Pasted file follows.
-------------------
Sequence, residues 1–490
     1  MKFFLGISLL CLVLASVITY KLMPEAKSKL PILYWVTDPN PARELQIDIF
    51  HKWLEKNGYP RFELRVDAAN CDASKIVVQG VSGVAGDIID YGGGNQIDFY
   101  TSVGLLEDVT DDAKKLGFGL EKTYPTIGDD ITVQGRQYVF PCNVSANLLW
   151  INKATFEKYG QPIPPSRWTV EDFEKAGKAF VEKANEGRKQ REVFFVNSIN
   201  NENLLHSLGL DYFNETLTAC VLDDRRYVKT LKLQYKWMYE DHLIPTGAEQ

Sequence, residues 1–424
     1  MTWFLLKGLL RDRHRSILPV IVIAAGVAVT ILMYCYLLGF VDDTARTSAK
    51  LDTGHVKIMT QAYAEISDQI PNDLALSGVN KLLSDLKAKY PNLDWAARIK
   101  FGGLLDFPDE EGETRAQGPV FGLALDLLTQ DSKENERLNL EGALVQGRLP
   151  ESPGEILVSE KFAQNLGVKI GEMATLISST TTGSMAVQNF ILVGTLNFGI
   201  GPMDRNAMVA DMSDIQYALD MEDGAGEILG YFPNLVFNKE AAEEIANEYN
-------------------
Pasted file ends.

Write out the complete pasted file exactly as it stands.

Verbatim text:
Sequence, residues 1–490
     1  MKFFLGISLL CLVLASVITY KLMPEAKSKL PILYWVTDPN PARELQIDIF
    51  HKWLEKNGYP RFELRVDAAN CDASKIVVQG VSGVAGDIID YGGGNQIDFY
   101  TSVGLLEDVT DDAKKLGFGL EKTYPTIGDD ITVQGRQYVF PCNVSANLLW
   151  INKATFEKYG QPIPPSRWTV EDFEKAGKAF VEKANEGRKQ REVFFVNSIN
   201  NENLLHSLGL DYFNETLTAC VLDDRRYVKT LKLQYKWMYE DHLIPTGAEQ

Sequence, residues 1–424
     1  MTWFLLKGLL RDRHRSILPV IVIAAGVAVT ILMYCYLLGF VDDTARTSAK
    51  LDTGHVKIMT QAYAEISDQI PNDLALSGVN KLLSDLKAKY PNLDWAARIK
   101  FGGLLDFPDE EGETRAQGPV FGLALDLLTQ DSKENERLNL EGALVQGRLP
   151  ESPGEILVSE KFAQNLGVKI GEMATLISST TTGSMAVQNF ILVGTLNFGI
   201  GPMDRNAMVA DMSDIQYALD MEDGAGEILG YFPNLVFNKE AAEEIANEYN